March 22, 2019; ArtNews
As we read this story, let’s keep in mind the idea that it is possible to curate spaces from places other than a position of power. Tonight, artists and activists with the group Decolonize This Place (DTP) will gather at the Whitney Museum for an evening of protest and “freedom songs.” It is the second of nine weeks of planned protest events at the museum; they started last week by holding signs and using an illuminator to project their message on the side of the museum.
Their message is that vice chairman Warren B. Kanders must be removed from the Whitney Museum’s board. Kanders owns and runs a company called Safariland that manufactures, among other things, tear gas canisters; it is Safariland’s canisters that (according to DTP) were used on protestors at the San Ysidro border crossing in California last November, as well as in Ferguson and Standing Rock.
As NPQ reported in December, 100 staff members at the Whitney signed a letter (which bears reading in full) to the museum’s leadership, explaining how state violence impacted their communities and that they were “sick to [their] stomachs” upon learning of the Whitney’s involvement with Safariland.
The letter criticized museum leadership’s silence on the matter, and by now both the museum and Kanders have responded.
Museum director Adam Weinberg’s letter cited the oft-quoted description of the Whitney as “a safe space for unsafe ideas.” He acknowledged the many crises afflicting the world at present but said, “The Whitney is first and foremost a museum. It cannot right all the ills of an unjust world, nor is that its role.” He acknowledged and celebrated the progressive work of the museum and the artists it showcases, and stated, “we each have our critical and complementary roles: trustees do not hire staff, select exhibitions, organize programs or make acquisitions, and staff does not appoint or remove board members.” Essentially, he called for civility and adherence to established rules; NPQ readers may want to read Cyndi Suarez on over-emphasized civility and the harm it does to communities of color.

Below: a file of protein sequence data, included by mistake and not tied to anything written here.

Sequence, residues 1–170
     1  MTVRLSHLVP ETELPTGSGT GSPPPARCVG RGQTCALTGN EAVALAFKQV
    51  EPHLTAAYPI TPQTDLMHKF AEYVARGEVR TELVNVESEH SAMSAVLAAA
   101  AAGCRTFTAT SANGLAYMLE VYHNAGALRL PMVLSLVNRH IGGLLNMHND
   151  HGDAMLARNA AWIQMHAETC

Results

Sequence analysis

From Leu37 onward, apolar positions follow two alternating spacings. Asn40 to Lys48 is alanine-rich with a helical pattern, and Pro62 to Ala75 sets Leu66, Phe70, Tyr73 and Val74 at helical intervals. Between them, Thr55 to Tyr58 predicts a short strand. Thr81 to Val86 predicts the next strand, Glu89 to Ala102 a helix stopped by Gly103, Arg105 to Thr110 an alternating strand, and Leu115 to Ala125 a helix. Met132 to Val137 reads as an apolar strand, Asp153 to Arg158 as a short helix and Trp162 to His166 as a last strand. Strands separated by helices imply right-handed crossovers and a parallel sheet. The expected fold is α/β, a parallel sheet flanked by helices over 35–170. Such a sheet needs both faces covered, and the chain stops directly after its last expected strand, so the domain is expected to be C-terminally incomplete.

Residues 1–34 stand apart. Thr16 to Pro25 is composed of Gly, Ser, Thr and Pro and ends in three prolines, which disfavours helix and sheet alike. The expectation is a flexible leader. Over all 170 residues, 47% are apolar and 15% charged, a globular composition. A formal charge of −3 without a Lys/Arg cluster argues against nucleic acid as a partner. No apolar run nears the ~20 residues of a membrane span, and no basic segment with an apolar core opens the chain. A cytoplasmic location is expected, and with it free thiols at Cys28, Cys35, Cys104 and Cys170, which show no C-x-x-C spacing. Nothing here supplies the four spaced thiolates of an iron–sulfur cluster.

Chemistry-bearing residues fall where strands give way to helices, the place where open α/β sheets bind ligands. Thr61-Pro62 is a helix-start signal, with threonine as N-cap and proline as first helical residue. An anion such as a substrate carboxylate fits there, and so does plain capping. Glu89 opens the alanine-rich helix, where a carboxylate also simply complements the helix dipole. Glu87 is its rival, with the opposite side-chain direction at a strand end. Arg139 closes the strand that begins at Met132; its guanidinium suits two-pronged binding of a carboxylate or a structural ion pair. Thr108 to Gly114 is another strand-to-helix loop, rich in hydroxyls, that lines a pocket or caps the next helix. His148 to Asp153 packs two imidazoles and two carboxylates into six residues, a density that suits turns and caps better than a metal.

Kanders himself wrote saying he was proud of his company, stressing his adherence to government licensing and approval regulations in the sale of tear gas and other products. “The staff letter implies that I am responsible for the decision to use these products,” he wrote. “I am not…I think it is clear that I am not the problem the authors of the letter seek to solve.”
In defense of his personal values, Kanders expressed the hope that his philanthropic involvement with the Whitney and other public programs on art and activism “speaks for itself.”
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DTP and others have not accepted either Weinberg’s or Kanders’ arguments. They have shown up with signs saying, “Safariland Supplies the NYPD,” “Brought To You By Safariland,” “What’s Good, Whitney?” and “Warren Kanders must go!” In a statement, DTP wrote,
Museum director Adam Weinberg issued a response in which he essentially told the concerned staff to know their place, do their jobs, and stay in line. We commend the efforts of the Whitney staff, and recognize the courage displayed and the risk they have taken in organizing and speaking out…the entire institution of the Whitney faces a broad crisis of legitimacy.
Elsewhere, they have said, “Warren Kanders is just the start of the crisis at the Whitney. There is no safe space for profiteers of state violence.”
DTP is attempting to pressure the museum leadership without making life more difficult for the staff; they distributed fliers saying, “We understand that we may cause some inconvenience for you and we apologize for any stress or added work, but know that we are in solidarity and our struggles are connected.” One worker reportedly told DTP, “If we weren’t working, we’d be protesting with you.”
Artist Shellyne Rodriguez, a DTP collaborator, said, “We are doing our best today to not cause problems for the staff, but we want to cause problems for Adam Weinberg and his homey Warren Kanders.”
Others have joined the DTP protests, including artist Michael Rakowitz, who withdrew from the Whitney Biennial, saying that he viewed the photographs from the San Ysidro border as a visualization of “toxic philanthropy.” He told the New York Times’ Jillian Steinhauer, “You should not compromise the integrity of an artist and ask them to show with funding and permission from people that make conditions unsafe for others.”
DTP intends their events to grow from week to week to provoke a response from the museum.—Erin Rubin